Horticultural Highlight: 'Alexandrina' saucer magnolia
In this series, the staff of Duke Gardens highlights plants you’ll find within our 55-acre living collection. This week, marketing and communications assistant Katherine Hale discusses a colorful tree with an equally colorful history.
Botanical name: Magnolia × soulangeana 'Alexandrina'
Common name: saucer magnolia
Family name: Magnoliaceae (Magnolia Family)
Native range: Cultivated origin
Location in Duke Gardens: Historic Gardens
USDA Hardiness Zones: 5-8
With fossil evidence stretching back as far as 95 million years ago, magnolias are one of the oldest lineages of flowering plants. In contrast, the saucer magnolia (Magnolia × soulangeana) is a relative newcomer on the scene, dating back to the early 19th century. Despite only two centuries to its name, it makes up for lost time with its unusual and exciting history.
Saucer magnolia was first grown on the country estate of 19th century French horticulturalist Étienne Soulange-Bodin, who brought it to the attention of the general public in 1826. They are the botanical blend of two different Asian magnolias: the Yulan magnolia (M. denudata), and the lily magnolia (M. liliiflora), both of which are native to China. While the original species are highly attractive in their own right—as a quick walk through the Culberson Asiatic Arboretum’s magnolia collection will demonstrate—the hybrid has rapidly outpaced its parents to become one of the most common deciduous magnolias in cultivation.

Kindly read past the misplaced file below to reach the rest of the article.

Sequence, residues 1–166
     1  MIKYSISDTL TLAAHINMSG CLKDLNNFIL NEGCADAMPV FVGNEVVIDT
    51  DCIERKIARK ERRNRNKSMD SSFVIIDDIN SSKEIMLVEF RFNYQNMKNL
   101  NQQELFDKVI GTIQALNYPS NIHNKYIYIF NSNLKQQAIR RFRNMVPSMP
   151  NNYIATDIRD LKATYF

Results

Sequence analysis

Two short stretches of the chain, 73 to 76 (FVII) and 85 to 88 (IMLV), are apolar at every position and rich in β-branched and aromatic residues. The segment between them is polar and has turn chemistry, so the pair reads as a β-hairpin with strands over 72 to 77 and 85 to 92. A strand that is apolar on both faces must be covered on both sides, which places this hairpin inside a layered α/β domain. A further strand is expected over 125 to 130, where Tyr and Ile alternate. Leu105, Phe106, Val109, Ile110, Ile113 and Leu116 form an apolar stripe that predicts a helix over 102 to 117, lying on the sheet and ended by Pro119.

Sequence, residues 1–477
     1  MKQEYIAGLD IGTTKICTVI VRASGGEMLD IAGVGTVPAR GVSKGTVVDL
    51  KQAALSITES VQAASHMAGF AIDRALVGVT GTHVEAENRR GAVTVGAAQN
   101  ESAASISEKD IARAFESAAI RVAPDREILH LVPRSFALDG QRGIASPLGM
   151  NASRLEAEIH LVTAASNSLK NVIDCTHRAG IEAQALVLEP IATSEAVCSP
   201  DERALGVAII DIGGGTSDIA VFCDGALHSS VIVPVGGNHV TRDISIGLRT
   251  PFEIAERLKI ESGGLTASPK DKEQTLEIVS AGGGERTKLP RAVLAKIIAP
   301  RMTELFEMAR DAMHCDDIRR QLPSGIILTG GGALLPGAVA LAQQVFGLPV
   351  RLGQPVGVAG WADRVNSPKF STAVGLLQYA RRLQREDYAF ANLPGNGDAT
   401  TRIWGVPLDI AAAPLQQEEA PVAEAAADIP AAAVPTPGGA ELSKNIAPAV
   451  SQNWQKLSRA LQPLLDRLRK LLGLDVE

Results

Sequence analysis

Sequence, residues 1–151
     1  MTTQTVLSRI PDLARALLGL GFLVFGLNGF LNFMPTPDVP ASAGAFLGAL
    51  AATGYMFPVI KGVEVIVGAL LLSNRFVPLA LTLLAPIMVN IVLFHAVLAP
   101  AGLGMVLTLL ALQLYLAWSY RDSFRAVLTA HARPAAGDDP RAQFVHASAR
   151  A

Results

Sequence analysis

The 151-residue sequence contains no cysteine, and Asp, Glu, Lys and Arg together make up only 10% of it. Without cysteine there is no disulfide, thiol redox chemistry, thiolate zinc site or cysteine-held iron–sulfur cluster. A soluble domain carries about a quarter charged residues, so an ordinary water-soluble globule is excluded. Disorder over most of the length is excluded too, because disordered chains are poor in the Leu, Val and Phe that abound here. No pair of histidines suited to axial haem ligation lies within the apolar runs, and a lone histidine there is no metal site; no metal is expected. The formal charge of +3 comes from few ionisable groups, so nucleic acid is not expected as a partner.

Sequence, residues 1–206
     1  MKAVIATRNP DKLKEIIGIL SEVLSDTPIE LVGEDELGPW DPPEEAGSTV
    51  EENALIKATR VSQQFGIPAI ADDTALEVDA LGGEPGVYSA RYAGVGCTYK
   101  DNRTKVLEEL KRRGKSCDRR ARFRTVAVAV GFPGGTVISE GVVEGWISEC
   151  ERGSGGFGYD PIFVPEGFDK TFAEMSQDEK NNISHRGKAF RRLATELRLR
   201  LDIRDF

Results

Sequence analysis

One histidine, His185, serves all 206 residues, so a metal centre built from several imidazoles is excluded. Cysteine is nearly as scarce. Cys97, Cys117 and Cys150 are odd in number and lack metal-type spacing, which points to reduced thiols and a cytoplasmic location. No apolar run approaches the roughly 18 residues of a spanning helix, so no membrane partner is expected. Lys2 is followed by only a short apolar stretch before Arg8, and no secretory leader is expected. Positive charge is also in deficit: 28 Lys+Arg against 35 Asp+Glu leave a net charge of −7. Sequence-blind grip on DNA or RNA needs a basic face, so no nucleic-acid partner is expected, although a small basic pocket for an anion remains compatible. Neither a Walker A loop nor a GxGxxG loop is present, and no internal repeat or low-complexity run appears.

‘Alexandrina’ is one of the oldest cultivars of saucer magnolia, first introduced in France in 1831, and remaining popular to this day due to its showy, early blooming flowers. Visitors to the Terrace Gardens are greeted by a pair of mature ‘Alexandrina’ saucer magnolias that flank the rows of annual beds adjacent to the koi pond, which are especially noteworthy in late February and early March. Long before the trees leaf out, their canopy is filled with a purple haze as the large fuzzy buds gradually unfold to reveal pink and lavender flowers with a pale center, the size and shape of their namesake saucer.
As a consequence of its unusual bloom time, the saucer magnolia display is acutely vulnerable to frost. While the trees themselves are cold-hardy, a hard frost after the flowers emerge will transform the canopy overnight from a vibrant purple to a dull brown. Fortunately for everyone, the varied magnolias in Duke Gardens' collection means that visitors are likely to enjoy the blooms no matter how the weather fluctuates in the short term.
Photos from top to bottom: 'Alexandrina' saucer magnolia in the Terrace Gardens, by Cathi Bodine; close-up of a saucer magnolia flower, by Clarence Burke; and a canopy of saucer magnolia blooms, by Sue Lannon.